Asthma Update 2016 (Pedcast)

Topic introduction


Ever wonder what asthma is and why so many children have it?  Understanding and treatment of this chronic condition in children has really come a long way in the past few decades and I thought I would bring you some of the latest information I have recently learned about the common condition called asthma.  I hope after listening to today’s discussion, you will be able to recognize the common symptoms of asthma and have some understanding of what is going on in an asthmatic child’s lungs so stay tuned to this important edition of Portable Practical Pediatrics!

Musical Intro

For those of you who are new to Portable Practical Pediatrics, I am your host, Dr. Paul Smolen, a board certified pediatrician who has practiced in Charlotte NC for the past 34 years. I think 34 years of middle of the night care for asthmatic children qualifies me as something of an expert so with that said, let’s get into today’s topic.

What is Asthma?

Let’s start with the question, what is asthma?  Many parents are surprised when I tell them that everyone, whether they are asthmatic or not, are capable of having the physiologic responses that asthmatics do during an asthma attack. You heard me right; anyone can have a bronchiole attack just like asthmatics do, even children and adults who don’t have asthma. Bronchospasm or tightening of one’s bronchioles is actually a protective reflex that everyone’s lungs are capable of in response to irritants. Wheezing, the high pitched sound coming from the lungs during an asthma attack, is the hallmark of bronchospasm. It is a protective reflex to keep smoke and toxic chemicals from injuring our lungs. Bronchospasm protects a child’s lungs. We all have this reflex that some describe as a loaded gun response, waiting for something to pull the trigger to start.  For non-asthmatic children, that “Something” is usually a serious case of smoke inhalation, inhaling strong heat like in a fire, or exposure to toxic chemicals.  It takes a lot to pull a non-asthmatic’s trigger. But not in asthmatic children; for them the trigger is usually pulled by just a cold virus or rolling in the grass on a nice spring day or running up and down a soccer field on a cool fall morning. In these children, the reflex has gone haywire, and the trigger is pulled for almost no reason. So you can see, asthma is a condition of heightened bronchial responsiveness, that I like to call twitchy bronchioles.  Low threshold of irritation combined with recurrent episodes that are reversible with medicine… you got a diagnosis of asthma.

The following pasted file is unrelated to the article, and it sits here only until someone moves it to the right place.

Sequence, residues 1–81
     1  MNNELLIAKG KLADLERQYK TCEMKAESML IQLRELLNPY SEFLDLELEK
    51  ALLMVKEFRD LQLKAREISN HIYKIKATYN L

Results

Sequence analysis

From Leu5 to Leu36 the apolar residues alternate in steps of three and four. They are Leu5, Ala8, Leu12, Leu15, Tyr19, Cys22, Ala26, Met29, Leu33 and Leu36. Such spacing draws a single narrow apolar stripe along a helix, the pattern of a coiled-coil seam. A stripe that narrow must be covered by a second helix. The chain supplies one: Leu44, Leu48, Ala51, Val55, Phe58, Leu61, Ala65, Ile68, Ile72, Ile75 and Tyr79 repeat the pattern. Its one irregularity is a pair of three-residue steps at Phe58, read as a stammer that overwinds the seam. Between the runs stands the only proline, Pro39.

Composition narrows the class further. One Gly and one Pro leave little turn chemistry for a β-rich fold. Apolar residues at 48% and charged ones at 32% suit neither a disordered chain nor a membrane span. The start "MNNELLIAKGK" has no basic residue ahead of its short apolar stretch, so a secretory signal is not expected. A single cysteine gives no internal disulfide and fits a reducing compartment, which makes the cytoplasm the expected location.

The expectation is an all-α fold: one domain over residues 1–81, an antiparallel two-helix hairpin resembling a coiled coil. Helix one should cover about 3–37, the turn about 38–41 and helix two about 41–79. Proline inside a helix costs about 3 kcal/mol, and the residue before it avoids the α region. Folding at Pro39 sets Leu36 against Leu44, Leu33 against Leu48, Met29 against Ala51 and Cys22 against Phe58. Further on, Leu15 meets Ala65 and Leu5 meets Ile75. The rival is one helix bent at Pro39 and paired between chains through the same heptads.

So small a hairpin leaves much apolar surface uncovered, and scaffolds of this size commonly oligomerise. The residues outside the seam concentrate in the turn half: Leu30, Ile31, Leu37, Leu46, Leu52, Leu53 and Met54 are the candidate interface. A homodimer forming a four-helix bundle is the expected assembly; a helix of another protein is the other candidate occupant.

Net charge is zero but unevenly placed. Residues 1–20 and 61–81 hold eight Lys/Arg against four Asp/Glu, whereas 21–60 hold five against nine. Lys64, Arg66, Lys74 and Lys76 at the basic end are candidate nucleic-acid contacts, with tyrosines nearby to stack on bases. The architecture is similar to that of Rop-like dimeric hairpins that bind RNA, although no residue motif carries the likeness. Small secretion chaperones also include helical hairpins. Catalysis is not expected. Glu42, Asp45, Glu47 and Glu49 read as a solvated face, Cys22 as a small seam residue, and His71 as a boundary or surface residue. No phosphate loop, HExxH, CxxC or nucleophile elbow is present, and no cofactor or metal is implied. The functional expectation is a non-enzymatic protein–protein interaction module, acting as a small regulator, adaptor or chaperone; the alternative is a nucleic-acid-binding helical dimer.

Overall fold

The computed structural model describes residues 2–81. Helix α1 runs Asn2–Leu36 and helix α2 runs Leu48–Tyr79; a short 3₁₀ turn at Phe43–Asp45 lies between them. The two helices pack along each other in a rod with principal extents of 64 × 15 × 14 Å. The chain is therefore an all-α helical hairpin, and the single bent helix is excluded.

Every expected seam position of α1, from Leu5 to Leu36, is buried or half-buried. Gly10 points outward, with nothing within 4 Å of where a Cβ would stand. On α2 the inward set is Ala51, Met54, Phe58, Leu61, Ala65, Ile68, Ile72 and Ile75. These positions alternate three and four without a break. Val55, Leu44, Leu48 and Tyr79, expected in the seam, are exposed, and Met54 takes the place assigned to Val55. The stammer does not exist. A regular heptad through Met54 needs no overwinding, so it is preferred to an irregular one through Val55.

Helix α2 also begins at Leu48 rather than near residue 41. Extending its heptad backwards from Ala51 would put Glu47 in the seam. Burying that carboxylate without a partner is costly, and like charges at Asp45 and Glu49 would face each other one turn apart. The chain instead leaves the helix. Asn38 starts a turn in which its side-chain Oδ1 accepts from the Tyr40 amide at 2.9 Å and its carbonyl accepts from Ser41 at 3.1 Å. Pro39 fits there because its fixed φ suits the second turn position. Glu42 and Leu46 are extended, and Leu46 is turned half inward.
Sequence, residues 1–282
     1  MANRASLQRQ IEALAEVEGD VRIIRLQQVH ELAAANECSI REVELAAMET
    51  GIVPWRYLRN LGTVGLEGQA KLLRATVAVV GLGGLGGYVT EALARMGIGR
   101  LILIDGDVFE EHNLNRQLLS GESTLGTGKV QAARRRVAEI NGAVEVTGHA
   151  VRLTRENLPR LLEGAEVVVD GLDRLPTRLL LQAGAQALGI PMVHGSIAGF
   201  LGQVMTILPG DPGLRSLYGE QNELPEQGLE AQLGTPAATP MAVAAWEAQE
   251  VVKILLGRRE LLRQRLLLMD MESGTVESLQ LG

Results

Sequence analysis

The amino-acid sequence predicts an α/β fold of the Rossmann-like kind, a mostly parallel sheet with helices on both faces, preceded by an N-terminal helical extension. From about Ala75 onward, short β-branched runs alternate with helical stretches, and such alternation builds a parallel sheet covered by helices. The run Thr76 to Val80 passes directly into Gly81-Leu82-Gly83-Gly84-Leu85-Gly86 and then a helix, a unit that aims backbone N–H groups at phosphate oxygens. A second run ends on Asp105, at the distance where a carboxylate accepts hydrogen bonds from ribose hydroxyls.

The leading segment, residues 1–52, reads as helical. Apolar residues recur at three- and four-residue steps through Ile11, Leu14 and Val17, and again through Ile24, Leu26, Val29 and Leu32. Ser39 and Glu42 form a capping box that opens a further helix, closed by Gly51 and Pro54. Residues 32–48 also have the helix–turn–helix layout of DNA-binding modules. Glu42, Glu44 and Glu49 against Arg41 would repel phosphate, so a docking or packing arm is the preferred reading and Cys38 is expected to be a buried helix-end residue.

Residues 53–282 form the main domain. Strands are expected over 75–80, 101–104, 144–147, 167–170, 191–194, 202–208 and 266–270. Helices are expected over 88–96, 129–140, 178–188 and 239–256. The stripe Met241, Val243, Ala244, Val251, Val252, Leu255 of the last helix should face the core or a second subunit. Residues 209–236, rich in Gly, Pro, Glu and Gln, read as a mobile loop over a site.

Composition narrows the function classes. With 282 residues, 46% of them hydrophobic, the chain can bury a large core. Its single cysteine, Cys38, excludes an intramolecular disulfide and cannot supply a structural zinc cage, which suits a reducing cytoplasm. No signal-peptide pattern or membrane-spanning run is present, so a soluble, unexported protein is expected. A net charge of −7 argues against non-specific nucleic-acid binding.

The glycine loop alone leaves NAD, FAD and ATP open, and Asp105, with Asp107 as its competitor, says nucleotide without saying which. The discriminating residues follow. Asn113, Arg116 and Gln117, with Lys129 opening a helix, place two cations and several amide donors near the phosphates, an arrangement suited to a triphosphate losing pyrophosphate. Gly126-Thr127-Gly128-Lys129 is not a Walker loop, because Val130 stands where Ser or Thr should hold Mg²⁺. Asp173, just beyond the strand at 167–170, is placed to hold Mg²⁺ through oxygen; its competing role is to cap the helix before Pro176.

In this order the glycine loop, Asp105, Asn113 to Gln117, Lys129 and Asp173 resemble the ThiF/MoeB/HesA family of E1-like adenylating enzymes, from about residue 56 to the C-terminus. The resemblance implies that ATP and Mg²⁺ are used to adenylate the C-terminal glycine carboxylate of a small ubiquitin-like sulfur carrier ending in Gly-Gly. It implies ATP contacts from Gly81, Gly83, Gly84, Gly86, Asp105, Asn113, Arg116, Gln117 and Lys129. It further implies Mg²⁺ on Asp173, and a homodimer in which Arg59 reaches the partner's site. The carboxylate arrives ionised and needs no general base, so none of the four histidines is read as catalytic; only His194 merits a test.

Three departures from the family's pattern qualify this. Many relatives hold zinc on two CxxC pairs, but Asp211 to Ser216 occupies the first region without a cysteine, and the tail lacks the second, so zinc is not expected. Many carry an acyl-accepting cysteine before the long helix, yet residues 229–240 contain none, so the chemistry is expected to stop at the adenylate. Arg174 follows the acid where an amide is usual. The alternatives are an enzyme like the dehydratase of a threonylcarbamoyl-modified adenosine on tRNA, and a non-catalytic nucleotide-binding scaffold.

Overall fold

Why is Asthma Becoming More Common in Children?

But why is this disease becoming more common? Fewer children in America are growing up around cigarette smoke, the air is cleaner than it was when I was a child, more kids have air conditioning and central heat, and power plants are putting out far less particulates than in previous generations, so why is the incidence of asthma climbing. The short answer is, no one knows but here are some of the theories:

  1. The Hygiene hypothesis-Lack of microbial life in a child’s gut is the root cause of allergy. This lack of germs stems from repeated courses of antibiotics, a lack of playing in dirt, not growing up around animals microbes, dishwashers that essentially sterilize what we eat, pristine clean food that may have been even irradiated, antibacterial soaps and gels, and a lack of cultured bacteria rich foods are among some of the reasons that seem to support this theory.
  2. Acetaminophen- there is evidence that children who take this drug seems to be more prone to allergies and asthma. Yes, Tylenol. We have talked about this before in previous podcasts. How this happens, I am unsure but research does seem to make a link that may be causal or just associated with something else these children do.